Print version ISSN 1807-5932
Clinics vol.66 no.11 São Paulo 2011
Preoperative nodal staging of non-small cell lung cancer using 99mTc-sestamibi spect/ct imaging
Juliana Muniz MiziaraI; Euclides Timóteo da RochaI; José Elias Abrão MiziaraI; Gustavo Fabene GarciaI; Maria Izilda Previato SimõesI; Marco Antônio LopesI; Lígia Maria KerrI; Carlos Alberto BuchpiguelII
IHospital de Câncer de Barretos, Barretos/SP, Brazil
IIFaculdade de Medicina da Universidade da São Paulo, Hospital das Clínicas da Faculdade de Medicina da Universidade de São Paulo, Radiologia, São Paulo/SP, Brazil
OBJECTIVES: The proper nodal staging of non-small cell lung cancer is important for choosing the best treatment modality. Although computed tomography remains the first-line imaging test for the primary staging of lung cancer, its limitations for mediastinum nodal staging are well known. The aim of this study is to evaluate the accuracy of hybrid single-photon emission computed tomography and computed tomography using 99mTc-sestamibi in the nodal staging of patients with non-small cell lung cancer and to identify potential candidates for surgical treatment.
METHODS: Prospective data were collected for 41 patients from December 2006 to February 2009. The patients underwent chest computed tomography and single-photon emission computed tomography/computed tomography examinations with 99mTc-sestamibi within a 30-day time period before surgery. Single-photon emission computed tomography/computed tomography was considered positive when there was focal uptake of sestamibi in the mediastinum, and computed tomography scan when there was lymph nodes larger than 10 mm in short axis. The results of single-photon emission computed tomography and computed tomography were correlated with pathology findings after surgery.
RESULTS: Single-photon emission computed tomography/computed tomography correctly identified six out of 19 cases involving hilar lymph nodes and one out of seven cases involving nodal metastases in the mediastinum. The sensitivity, specificity, positive predictive value, and negative predictive value for 99mTc-sestamibi single-photon emission computed tomography/computed tomography in the hilum assessment were 31.6%, 95.5%, 85.7%, and 61.8%, respectively. The same values for the mediastinum were 14.3%, 97.1%, 50%, and 84.6%, respectively. For the hilar and mediastinal lymph nodes, chest tomography showed sensitivity values of 47.4% and 57.1%, specificity values of 95.5% and 91.2%, positive predictive values of 90% and 57.1% and negative predictive values of 67.7% and 91.2%, respectively.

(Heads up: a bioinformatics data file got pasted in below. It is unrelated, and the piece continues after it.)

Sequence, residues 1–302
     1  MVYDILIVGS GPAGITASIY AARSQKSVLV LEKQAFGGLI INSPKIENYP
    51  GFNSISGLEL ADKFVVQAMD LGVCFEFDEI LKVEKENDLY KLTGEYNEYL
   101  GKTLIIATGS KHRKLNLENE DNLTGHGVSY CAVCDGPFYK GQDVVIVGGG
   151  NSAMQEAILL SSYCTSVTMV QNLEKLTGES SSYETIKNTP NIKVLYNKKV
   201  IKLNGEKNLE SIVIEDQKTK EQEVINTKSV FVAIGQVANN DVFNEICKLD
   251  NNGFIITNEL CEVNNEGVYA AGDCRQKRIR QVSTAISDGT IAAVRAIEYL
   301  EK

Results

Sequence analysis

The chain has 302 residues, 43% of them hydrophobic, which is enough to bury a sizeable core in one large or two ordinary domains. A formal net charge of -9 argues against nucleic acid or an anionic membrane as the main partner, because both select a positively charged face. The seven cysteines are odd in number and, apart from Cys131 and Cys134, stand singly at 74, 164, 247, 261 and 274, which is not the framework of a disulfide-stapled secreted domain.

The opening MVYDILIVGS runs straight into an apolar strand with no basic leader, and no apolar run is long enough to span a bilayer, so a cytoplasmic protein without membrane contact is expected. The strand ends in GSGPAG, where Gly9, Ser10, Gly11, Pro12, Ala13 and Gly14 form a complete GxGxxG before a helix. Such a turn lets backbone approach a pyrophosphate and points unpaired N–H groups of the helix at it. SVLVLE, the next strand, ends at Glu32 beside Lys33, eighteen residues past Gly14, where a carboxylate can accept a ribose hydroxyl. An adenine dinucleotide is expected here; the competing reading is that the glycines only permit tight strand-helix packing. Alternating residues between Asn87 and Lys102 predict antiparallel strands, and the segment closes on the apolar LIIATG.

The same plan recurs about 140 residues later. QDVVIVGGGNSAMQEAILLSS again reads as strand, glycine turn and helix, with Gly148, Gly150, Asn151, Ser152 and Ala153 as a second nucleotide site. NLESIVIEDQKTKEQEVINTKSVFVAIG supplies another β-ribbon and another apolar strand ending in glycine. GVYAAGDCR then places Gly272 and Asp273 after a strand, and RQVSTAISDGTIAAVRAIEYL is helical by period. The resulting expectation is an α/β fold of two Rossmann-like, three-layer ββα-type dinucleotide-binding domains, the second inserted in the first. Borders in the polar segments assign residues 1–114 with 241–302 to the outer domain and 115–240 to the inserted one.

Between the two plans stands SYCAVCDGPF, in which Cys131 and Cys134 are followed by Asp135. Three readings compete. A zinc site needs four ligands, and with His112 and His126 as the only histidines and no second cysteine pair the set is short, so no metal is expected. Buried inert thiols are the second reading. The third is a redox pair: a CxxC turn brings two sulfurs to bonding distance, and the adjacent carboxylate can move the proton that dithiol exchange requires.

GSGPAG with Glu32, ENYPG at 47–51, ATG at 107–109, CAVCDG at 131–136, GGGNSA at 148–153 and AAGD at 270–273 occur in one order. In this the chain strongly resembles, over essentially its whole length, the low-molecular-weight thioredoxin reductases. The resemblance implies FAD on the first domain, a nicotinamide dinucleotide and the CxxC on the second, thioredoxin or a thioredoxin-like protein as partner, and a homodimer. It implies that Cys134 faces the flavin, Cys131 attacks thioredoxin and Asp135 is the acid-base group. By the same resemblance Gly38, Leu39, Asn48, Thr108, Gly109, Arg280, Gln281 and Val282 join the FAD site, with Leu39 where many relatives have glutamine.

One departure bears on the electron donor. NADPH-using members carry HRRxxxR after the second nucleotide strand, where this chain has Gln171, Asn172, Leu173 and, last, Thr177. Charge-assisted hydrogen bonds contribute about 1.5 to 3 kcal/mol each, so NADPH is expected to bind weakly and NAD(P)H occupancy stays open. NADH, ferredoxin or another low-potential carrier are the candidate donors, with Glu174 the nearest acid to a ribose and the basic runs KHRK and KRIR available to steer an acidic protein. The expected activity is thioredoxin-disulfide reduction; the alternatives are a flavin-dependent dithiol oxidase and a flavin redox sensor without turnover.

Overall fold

CONCLUSION: Single-photon emission computed tomography/computed tomography with 99mTc-sestamibi showed very low sensitivity and accuracy for the nodal staging of patients with non-small cell lung cancer, despite its high level of specificity. In addition, the performance of single-photon emission computed tomography/computed tomography added no relevant information compared to computed tomography that would justify its use in the routine preoperative staging of non-small cell lung carcinoma.
Keywords: Lung cancer; Lymph nodes; MIBI; Single-photon emission computed tomography; Functional imaging.
The survival of lung cancer patients is related to the extent of their disease at the time of diagnosis. In the absence of distant metastases, the spread of tumors to the mediastinal lymph nodes is a major determinant of both the prognosis and the therapeutic approach. Proper staging is important for selecting patients who may benefit from surgical resection and for defining the treatment modalities of patients who will undergo radiotherapy.
The histopathologic evaluation of lymph nodes is considered the gold standard in assessing the presence or absence of metastases in the mediastinum. There are several invasive methods that can be used for this purpose: mediastinoscopy, anterior mediastinotomy, transthoracic needle aspiration, endobronchial or esophageal ultrasound with needle aspiration, and thorachoscopy.1,2 Mediastinoscopy is the most common invasive test. It has a mean sensitivity of up to 80%, with a range of 44% to 97%. With this method, only high and low paratracheal, pre-tracheal, and subcarinal lymph nodes are accessible; there is also a low but real risk of morbidity and mortality.1
In an attempt to reduce the frequency of invasive methods or to guide the most appropriate procedures for lymph node biopsies, noninvasive imaging tests are used when applicable. Computed tomography (CT) is the imaging method of choice in the evaluation and staging of primary cancers. The diagnostic CT criteria for the involvement of lymph nodes are based on their sizes, especially when their minor axes are longer than ten millimeters. However, small lymph nodes that are considered normal according to such criteria may contain tumor cells, while inflammatory and infectious diseases may be responsible for enlarged lymph nodes, limiting the overall effectiveness of this diagnostic test. In a meta-analysis by Toloza that evaluated 20 studies, chest CT examinations showed a sensitivity of 57%, specificity of 82%, and positive and negative predictive values of 56% and 83%, respectively.3